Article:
Chapter 4 is astonishing, not only for its content, but also for its authorship. It is a first-person account, and from the first verse it is clear that the person relating the events is none other than Nebuchadnezzar himself.
He begins with the description of another dream he had, which again required Daniel’s interpretation. This time, however, Daniel is reluctant to tell the king its meaning, and wishes it was about the king’s enemies and not the king.
The king dreamt of a tree that spread its branches so high and wide that all the peoples of the world could dwell under it. Yet in its prime, an angel commanded that the tree should be cut down so that only the stump remained in the earth. The dream foretells that the king would go insane, be driven from the presence of men, and would act and look like a beast of the field for seven “times,” meaning either seven years or seasons.
Daniel begs the king to repent of his sins and thus possibly escape this fate. Perhaps the king did repent at first, but twelve months later, as he was walking through his palace, he began to brag about all that he had accomplished, all the great buildings he had built, and how he had beautified Babylon. It seems indicative of the main sin that Daniel was referring to, that the king’s insanity came about not while he was actually busy with the construction of Babylon, but rather when he was pompously congratulating himself for his accomplishments. He was extremely proud, claiming he had done it all himself, and he failed to acknowledge the true God Who had allowed him to flourish.
In the same hour that the boast left his lips, Nebuchadnezzar, the great king, turned into a madman. For seven “times,” just as the prophet had interpreted, he ate grass in the field like an ox. Covered in dew, eventually his hair grew long and matted until it looked like birds’ feathers, and the nails on his fingers and toes looked like talons. “Boanthropy” is the clinical term for this mental disorder.
Even though it seems that those who had been his counselors and confidants abandoned him during that time, his kingdom remained secure. When at the end of his “sentence” his mind was restored, he glorified God. And here comes the moral of this story, the great lesson learned by the now humble and humbled king: “I, Nebuchadnezzar, praise and extol and honor the King of heaven, all of whose works are truth, and His ways justice. And those who walk in pride He is able to put down.”
Just when in Nebuchadnezzar’s 43-year reign this incident occurred is not known. In his later years he concentrated on the many building projects of Babylon. Perhaps the fact that this abasement occurred as he was patting himself on the back for all the beautiful buildings and other construction in Babylon would indicate that it happened after his final campaigns against Tyre and Egypt, sometime between 572 BC and his death in 562 BC. There is also a notable absence in Babylonian annals of any act or decree by Nebuchadnezzar during the years 582–575 BC, so that is another probable timeframe for his madness to have occurred.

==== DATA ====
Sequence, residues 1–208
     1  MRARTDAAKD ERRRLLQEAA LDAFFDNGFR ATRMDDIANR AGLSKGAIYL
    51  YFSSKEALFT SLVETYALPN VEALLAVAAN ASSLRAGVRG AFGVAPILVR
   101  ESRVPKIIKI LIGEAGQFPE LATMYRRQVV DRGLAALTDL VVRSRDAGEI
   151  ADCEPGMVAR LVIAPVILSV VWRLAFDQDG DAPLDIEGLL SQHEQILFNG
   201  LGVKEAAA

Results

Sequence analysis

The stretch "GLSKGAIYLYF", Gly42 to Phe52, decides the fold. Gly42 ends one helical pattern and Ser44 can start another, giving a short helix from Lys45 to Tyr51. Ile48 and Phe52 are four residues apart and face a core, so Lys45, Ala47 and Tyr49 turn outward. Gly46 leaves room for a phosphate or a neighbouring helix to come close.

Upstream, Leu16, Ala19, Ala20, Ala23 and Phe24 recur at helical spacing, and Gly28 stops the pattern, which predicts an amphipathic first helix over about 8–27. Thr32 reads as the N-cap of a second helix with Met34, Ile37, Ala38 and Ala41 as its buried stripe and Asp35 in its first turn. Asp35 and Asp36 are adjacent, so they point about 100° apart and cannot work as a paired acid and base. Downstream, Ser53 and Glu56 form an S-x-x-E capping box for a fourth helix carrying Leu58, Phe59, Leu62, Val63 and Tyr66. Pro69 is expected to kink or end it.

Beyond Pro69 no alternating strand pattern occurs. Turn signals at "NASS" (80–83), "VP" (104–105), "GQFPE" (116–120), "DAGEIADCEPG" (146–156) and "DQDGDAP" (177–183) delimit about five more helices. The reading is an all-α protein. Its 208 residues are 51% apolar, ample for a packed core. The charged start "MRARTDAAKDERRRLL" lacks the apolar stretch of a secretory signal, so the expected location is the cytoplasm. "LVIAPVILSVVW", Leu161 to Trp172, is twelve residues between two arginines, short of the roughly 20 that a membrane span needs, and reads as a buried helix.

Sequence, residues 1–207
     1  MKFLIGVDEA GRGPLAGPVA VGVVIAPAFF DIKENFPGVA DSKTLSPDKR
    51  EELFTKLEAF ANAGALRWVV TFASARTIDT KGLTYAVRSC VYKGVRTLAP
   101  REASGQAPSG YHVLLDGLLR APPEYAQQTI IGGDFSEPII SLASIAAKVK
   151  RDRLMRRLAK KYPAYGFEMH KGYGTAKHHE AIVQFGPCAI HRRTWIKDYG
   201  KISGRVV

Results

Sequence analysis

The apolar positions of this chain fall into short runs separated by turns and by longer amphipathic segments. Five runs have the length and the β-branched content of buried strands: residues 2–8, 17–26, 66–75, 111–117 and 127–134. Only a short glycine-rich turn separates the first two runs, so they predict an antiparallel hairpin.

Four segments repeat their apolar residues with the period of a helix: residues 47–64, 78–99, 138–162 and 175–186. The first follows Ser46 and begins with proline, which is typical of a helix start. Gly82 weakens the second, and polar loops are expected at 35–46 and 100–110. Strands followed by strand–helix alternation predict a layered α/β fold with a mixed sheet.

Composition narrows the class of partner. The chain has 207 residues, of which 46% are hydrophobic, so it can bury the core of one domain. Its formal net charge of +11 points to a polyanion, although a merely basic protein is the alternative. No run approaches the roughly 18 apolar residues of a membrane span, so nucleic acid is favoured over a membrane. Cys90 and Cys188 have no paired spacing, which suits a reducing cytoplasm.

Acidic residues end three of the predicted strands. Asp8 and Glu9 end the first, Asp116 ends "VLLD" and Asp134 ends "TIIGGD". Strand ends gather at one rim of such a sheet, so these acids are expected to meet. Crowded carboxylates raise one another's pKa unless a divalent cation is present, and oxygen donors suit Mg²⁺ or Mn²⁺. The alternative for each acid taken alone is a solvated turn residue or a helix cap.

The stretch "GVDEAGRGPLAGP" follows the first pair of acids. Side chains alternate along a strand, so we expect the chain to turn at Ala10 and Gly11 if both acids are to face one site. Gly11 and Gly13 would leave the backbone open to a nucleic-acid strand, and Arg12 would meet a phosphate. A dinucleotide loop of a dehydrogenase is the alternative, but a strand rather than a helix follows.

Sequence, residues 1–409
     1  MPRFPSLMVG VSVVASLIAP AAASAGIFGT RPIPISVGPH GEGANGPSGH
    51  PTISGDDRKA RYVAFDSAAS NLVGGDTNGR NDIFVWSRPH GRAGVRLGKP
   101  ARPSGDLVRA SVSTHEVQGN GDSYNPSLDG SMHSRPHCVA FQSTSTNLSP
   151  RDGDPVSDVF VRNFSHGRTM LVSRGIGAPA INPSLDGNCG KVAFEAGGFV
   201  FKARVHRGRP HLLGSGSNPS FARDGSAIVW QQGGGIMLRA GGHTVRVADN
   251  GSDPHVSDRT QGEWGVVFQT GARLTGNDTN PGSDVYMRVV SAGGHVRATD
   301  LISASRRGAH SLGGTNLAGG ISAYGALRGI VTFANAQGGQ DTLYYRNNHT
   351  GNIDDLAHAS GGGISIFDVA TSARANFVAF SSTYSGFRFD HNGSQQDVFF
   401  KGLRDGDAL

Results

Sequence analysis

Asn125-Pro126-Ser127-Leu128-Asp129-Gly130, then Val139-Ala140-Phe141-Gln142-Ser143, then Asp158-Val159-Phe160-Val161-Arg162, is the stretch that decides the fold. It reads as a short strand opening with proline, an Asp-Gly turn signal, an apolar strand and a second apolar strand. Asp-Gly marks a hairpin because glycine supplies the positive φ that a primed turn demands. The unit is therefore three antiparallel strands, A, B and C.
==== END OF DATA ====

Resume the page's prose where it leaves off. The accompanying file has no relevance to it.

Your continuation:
Why he was not deposed during that time is also unclear. It could be because madness was looked upon differently in those days. In antiquity, epilepsy was known as the “sacred disease,” and notable rulers such as Julius Caesar and, by some accounts, Alexander the Great suffered from it. Far from being a curse, it was believed to be a sign that someone had been touched by the gods. Oracles, the heathen equivalent of prophets, often fell into fits of madness as they gave their prophetic utterances. So even though Nebuchadnezzar’s madness would have been evident, perhaps those who could have gained power through mounting a coup were afraid of getting on the wrong side of the gods if they did so. Furthermore, Daniel was evidently in a place of high standing in the kingdom, and he may have stood in the way of any rebellion, considering that he knew God had indicated that Nebuchadnezzar would eventually regain his sanity and that the kingdom would be restored to him.
Babylonian nobility, including those of the royal family, were certainly capable of duplicity, scheming, and rebellion, as is seen in the events following Nebuchadnezzar’s death. Amal-Marduk, known in the Bible as Evil-merodach, succeeded his father, Nebuchadnezzar, who died in 562 BC. He apparently reversed some of his father’s policies, as is evidenced by the fact that he freed the king of Judah, Jehoiachin, from 37 years of captivity and placed him in a position of honor and comfort in his court.
Amal-Marduk was only to hold the reins of government for two years before he was deposed and killed by his brother-in-law, Nergal-sharezer, who in turn died after only four years. His young son, Labashi-Marduk, reigned in his stead for only months before being deposed and killed by Nabonidus, a usurper with no known relationship to the ruling dynasty. For a usurper who had risen to power through violence and conspiracy, Nabonidus showed an unusual disdain for the power he had coveted. He left Babylon after some years and settled in the oasis town of Tayma, in Arabia. He there indulged his passion of the study of ancient Babylonia and its gods and temples, leaving his dissolute and apparently incompetent son Belshazzar as his co-regent in Babylon.
And so the scene is set for the next chapter.